The former 174 NFL player, including a Super Bowl player, was not surprised by all the attention he received, especially after the rookie who came to his first meeting talked about “zero” all that can be sold to buy a number. Gano enjoyed it openly, but secretly, his curiosity changed the way he could be a good friend and citizen.
The exchange of numbers resulted in a $ 50,000 transfer from Thibodeaux to the Puppies Behind Bars, which provided emergency fighting dogs and first responders, as well as police detection-detecting terrorists.
“When he said he was ready to give in to it, I could be number 9 and maybe in 10-15 years when he retires and still push, I could get back number 5,” laughed the 35-year-old Gano, who also wore No. 9 at his Pro Bowl game in Carolina. “The opportunity to donate something is fantastic, and the number is obviously very special to Kayvon. Although he is special to me as well, there is a great deal of meaning in number 5 for him. I just wanted to be a good friend. I can also help others all the time.”
Gano and his wife, Brittany, received the first impression at the Giants’ home game when a service dog was delivered to a soldier during a break. Gano comes from a rich military tradition that runs through his family. His father, Mark, served in the US Navy for 30 years, and has many relatives and friends who are in the military.
“So I have seen the sacrifices that are made in those families,” said Gano, “as well as the tragic events that take place that destroy the lives of others.”
Puppies Healing After Bars also happens on the other side where dogs are trained by inmates. Puppies enter prison at the age of 8 and stay with their incarcerated children for about 24 months. ‘a place to carry something. ” PBB programs bring the love and healing of dogs to hundreds of individuals individually. Year. Dogs bring hope and pride to their caregivers, And freedom and security to those who serve.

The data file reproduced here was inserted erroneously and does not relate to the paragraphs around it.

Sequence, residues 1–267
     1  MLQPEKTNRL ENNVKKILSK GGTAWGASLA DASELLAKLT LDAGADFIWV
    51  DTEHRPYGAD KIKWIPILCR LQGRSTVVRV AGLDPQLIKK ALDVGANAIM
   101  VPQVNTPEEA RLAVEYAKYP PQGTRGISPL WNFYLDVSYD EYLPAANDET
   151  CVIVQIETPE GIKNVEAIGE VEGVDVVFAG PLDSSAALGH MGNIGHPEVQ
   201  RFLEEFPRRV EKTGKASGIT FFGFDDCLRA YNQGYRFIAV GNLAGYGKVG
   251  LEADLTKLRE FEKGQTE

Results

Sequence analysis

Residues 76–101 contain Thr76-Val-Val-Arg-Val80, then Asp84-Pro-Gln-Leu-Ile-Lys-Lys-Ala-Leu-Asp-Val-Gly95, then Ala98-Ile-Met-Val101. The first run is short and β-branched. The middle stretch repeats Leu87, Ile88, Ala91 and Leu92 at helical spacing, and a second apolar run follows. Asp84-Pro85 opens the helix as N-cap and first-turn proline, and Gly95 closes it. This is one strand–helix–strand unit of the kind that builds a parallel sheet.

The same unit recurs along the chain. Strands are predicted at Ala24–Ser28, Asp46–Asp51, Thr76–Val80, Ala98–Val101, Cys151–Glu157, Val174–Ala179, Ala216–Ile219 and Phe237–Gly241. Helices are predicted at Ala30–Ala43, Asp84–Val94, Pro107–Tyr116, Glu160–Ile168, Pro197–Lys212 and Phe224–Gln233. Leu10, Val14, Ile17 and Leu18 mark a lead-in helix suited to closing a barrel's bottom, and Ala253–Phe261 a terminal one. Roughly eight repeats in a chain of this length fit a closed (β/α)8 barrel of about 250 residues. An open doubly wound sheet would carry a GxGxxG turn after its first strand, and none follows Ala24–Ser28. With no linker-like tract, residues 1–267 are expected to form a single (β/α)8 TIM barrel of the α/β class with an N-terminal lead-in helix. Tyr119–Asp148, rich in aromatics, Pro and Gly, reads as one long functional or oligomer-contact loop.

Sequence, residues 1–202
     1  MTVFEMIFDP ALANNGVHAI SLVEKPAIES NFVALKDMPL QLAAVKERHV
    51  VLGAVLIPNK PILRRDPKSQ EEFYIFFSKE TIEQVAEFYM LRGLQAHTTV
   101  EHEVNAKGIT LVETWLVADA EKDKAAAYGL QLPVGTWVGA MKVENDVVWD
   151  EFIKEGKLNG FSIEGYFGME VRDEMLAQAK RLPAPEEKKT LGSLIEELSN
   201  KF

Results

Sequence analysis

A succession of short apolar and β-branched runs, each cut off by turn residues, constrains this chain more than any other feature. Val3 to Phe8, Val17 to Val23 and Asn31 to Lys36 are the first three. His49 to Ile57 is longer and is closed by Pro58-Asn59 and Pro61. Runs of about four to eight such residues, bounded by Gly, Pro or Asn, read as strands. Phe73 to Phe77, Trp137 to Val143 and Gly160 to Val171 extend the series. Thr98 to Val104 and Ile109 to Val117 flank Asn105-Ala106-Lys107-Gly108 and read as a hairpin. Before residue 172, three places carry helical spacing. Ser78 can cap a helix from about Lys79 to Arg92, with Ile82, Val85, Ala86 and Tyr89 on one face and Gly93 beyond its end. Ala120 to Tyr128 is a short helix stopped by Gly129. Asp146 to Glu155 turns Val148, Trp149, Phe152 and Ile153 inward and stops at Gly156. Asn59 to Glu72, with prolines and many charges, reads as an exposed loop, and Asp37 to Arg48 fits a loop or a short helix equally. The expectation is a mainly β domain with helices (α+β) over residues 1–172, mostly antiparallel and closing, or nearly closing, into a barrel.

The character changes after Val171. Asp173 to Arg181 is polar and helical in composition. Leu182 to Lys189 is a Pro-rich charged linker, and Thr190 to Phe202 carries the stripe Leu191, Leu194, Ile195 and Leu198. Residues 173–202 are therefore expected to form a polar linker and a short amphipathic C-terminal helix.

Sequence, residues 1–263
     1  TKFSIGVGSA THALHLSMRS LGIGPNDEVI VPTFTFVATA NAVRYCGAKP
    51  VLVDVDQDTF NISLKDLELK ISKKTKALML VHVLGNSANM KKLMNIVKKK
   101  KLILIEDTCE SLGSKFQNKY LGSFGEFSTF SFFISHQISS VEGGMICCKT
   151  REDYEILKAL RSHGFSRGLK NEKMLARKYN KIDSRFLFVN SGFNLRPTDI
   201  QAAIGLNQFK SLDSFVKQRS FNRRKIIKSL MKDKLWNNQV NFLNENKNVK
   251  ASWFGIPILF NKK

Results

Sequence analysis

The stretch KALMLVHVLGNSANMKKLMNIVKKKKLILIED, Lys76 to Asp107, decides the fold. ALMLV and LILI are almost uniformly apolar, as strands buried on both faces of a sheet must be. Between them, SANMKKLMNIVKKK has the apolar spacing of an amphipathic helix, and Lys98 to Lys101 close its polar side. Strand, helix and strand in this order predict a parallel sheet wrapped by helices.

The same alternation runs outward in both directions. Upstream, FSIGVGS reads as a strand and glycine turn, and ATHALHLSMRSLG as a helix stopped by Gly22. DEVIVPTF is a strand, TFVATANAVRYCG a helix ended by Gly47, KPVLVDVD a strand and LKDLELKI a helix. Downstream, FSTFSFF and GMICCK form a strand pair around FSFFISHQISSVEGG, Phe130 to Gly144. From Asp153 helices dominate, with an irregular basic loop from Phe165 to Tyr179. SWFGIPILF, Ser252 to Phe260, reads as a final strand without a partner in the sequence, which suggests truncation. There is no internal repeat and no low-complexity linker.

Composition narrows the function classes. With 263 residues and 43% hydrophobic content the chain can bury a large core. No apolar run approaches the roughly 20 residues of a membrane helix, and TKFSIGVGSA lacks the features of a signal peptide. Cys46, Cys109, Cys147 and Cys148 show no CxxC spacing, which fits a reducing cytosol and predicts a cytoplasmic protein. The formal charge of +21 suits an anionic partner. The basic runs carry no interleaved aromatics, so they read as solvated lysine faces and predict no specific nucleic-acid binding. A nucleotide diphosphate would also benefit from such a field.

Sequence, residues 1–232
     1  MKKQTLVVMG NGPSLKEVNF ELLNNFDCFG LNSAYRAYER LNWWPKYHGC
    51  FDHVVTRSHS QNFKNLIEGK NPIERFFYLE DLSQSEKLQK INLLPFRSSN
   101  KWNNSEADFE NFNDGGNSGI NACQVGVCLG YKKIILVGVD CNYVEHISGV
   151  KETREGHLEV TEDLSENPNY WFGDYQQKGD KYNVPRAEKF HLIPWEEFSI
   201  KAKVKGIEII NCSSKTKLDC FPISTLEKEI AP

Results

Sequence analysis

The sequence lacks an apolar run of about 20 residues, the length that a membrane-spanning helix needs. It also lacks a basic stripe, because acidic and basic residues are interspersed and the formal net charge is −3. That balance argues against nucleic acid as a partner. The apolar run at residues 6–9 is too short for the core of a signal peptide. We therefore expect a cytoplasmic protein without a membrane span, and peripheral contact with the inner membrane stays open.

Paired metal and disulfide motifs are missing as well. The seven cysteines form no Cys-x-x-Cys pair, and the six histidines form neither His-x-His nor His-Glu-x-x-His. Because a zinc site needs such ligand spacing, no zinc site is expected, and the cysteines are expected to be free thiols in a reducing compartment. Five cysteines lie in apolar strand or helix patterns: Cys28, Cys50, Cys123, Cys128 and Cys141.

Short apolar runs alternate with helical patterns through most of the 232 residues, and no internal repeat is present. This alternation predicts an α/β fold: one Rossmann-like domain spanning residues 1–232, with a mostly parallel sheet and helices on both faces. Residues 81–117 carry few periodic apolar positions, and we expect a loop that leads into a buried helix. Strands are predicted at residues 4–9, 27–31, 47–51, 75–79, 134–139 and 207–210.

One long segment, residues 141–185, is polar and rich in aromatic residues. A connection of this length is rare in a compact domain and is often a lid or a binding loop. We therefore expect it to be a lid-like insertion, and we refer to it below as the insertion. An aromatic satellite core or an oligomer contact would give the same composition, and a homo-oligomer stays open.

“I feel like that’s when the money that Kayvon donates can really help and help a lot of people by donating that money,” Gano said. “The whole idea of the number five being special to myself and being special to Kayvon I can help five people take five dogs and be able to change the lives of five people for the better. That was the whole purpose behind it… I really enjoyed it.
Although Gano does not present himself as an unconventional beating – “It does not matter what number you throw at me” – it was no easier than No. 5.
Gano wanted his number to make sense when he signed with the Giants on Aug. 19, 2020. At the time, it was more than 20 months since he had played a regular game. Gano missed the last four games of 2018, his seventh year with the Panthers and 10 in the NFL, as well as the entire 2019 season due to an injury to his left leg.
Her family, which has five children (Bryson, Ryder, Kayden, Riley, and Brynlee) from the age of 10 to twins under the age of 3, helped her through that time.
“It was the second chance of football after an injury in Carolina,” Gano said. “These giants gave me another chance, and I was able to keep playing the game. And my kids had another chance to watch their dad play, so I wanted to honor and remember him when I was away from my family up there.”
That number served him well – and the Giants – well.
In just two years with the team, Gano set a series of recordings (37) and a career of 50-yards (12). He now extends to Thibodeaux, who became the first defender in Oregon-American history.
But No. 9 will do well. Brittany Gano dressed as a softball player in Florida State, and the numbers have a special meaning to her family.
“He is probably the best athlete of the two of us,” said Gano, who won the Lou Groza Award as the country’s top soccer player wearing “No. 43” on the Seminoles football team.